«Take a look at this boy, he took me here and left me there» - This Boy

One of Switzerland's most successful songwriters, that's what he is today, Adrian. Hardly anybody has been in the Swiss charts more frequently. Hardly anybody's written more hits. And nobody's remained so unfathomable. For this quiet and shy singer has always steered clear of the limelight, preferring to let his songs speak for him.

«Even as a teenager, I couldn't care less what clothes the performers were wearing on stage or what hairstyles they had. I never bothered about which pigeonhole people put my band in or whether something was described as 'soft' or 'hard'. The only thing that ever interested me was whether someone could deliver a good melody and whether I believed what it was they were singing about.»

With this first solo album, then, the Lovebugs frontman reaches out to all those who listen to him. «So perfect, this moment» - the first words after the magnificent intro positively define the frame of reference for Adrian Sieber's debut album. In these words lie the peace and fulfilment felt by the multi-instrumentalist following the completion of two recording sessions in a remote studio in the Romandie.

«It's always been my dream to record an album on my own, an album where, as well as singing, I played all the instruments myself: drums, bass, guitar, synthesizer, piano and beats. Do you know the children's story of Serafin and his Wondrous Machine? Using hundreds of old instruments from the rubbish heap, Serafin builds a giant music machine that only he can operate. It was a story that always fascinated me as a child.»

The twelve songs, true gems, emerged and matured over the years - at home, at his desk in the middle of the night, working the old Casio keys, guitar poised, perhaps in a dream. In songs like The Healing, a bewitching piano ballad, in the shrill synthesizer tones of Play, in the drumbeat to Dr. Good (cooled down to a virtually comatose temperature), in the fragile timbre of Prototype, in the dry melodic line of The Rain Parade... On all these tracks, it becomes crystal-clear what a talented songwriter is capable of, once he is left to his own devices. Yet Adrian's solo material still remains a collection of pop songs that tell many a tale with just a few chords. Nevertheless, the music vibrates in the recesses and ambiguities that his life has absorbed - the dark undertones of new wave, the blissful harmoniousness of the 1980s, the euphoria of Madchester.

«I believe that the sound you first consciously perceive will accompany you for the rest of your life. In my case, it was a cassette of the 1982 hit parade with Kim Wilde and OMD. Well, at least (smiles). Not much later and I was spending my entire pocket money on LPs. Some of them are still my favourites today: Les Chansons Bleues by Stephan Eicher, for example, or The Head on the Door by The Cure.»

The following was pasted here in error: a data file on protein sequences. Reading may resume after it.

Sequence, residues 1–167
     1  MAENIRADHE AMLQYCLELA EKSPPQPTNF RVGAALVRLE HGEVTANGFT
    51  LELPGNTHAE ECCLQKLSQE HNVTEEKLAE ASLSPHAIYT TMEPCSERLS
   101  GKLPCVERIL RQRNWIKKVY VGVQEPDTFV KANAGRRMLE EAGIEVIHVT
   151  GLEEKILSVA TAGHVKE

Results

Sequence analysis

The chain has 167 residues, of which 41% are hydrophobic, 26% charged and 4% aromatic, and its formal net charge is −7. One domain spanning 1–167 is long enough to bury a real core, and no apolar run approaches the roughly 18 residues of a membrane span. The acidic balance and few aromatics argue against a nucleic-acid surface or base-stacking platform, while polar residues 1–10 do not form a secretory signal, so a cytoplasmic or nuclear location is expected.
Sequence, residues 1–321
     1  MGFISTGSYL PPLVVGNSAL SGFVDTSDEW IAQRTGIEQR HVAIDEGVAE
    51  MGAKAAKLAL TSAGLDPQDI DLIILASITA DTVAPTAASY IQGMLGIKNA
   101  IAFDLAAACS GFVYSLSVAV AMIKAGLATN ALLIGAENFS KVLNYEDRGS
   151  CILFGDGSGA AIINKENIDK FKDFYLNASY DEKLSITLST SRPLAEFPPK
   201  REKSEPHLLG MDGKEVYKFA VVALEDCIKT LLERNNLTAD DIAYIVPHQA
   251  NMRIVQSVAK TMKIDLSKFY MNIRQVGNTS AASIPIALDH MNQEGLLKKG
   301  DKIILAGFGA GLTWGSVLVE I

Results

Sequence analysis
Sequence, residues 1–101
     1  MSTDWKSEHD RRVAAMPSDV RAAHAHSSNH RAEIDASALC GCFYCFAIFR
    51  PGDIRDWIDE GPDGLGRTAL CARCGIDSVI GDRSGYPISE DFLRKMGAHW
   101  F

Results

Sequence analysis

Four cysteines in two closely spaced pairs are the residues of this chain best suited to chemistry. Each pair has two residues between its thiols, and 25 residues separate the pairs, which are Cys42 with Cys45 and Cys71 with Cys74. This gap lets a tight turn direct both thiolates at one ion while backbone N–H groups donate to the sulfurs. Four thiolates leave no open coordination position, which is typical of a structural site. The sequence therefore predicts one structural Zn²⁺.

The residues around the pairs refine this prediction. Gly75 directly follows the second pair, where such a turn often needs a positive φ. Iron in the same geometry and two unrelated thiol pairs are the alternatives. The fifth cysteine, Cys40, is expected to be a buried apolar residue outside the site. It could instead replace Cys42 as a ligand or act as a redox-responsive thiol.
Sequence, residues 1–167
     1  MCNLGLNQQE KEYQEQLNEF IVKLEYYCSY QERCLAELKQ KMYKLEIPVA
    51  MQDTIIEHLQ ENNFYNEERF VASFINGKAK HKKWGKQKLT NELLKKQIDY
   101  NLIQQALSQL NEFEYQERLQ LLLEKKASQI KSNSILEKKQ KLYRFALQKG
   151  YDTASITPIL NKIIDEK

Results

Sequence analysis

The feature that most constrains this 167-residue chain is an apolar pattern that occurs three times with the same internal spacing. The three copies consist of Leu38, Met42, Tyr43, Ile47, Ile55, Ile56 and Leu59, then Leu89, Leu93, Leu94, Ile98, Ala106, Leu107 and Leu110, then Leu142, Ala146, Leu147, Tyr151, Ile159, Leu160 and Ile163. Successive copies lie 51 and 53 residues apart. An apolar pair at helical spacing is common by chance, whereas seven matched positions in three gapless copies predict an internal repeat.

Either way, it's possible to talk for ever about records that grew over a long period of time. Ultimately, though, it's the sound that makes the experience. Put your headphones on, skip to Dr. Good and discover how, after two minutes, a gentle guitar riff and a solemn piano melody ntertwine. There are few moments in life when sublimeness and kitsch balance out so evenly. This is one of those moments.

«The composing and producing process is always a search - sometimes, even, a tightrope walk. Above all, though, the process is a snapshot, a kind of diary. There's no such thing as a 'perfect song' or a 'perfect album'. In fact, that would be terribly boring.»

Pop thrives on being an act, an exaggeration, the soundtrack to the event and the fanfare of resurrection. Pop is epic and tragedy and always also the opposite. Primarily, it is huge drama. On the other hand, at least in its heyday, it can observe people with a penetrating gaze. Adrian Solo is the essence of a man whose quill made the Lovebugs big. And it shimmers through from the innermost recesses of his heart.

Adrian Solo is the album that Adrian Sieber always wanted to make. It is personal without getting introverted. It wrangles and it doubts. It recollects and, on occasion, it even rejoices. But the tone is never self-judgemental.

«Forget the mess inside your head, let's kiss and not play dead» - The Healing

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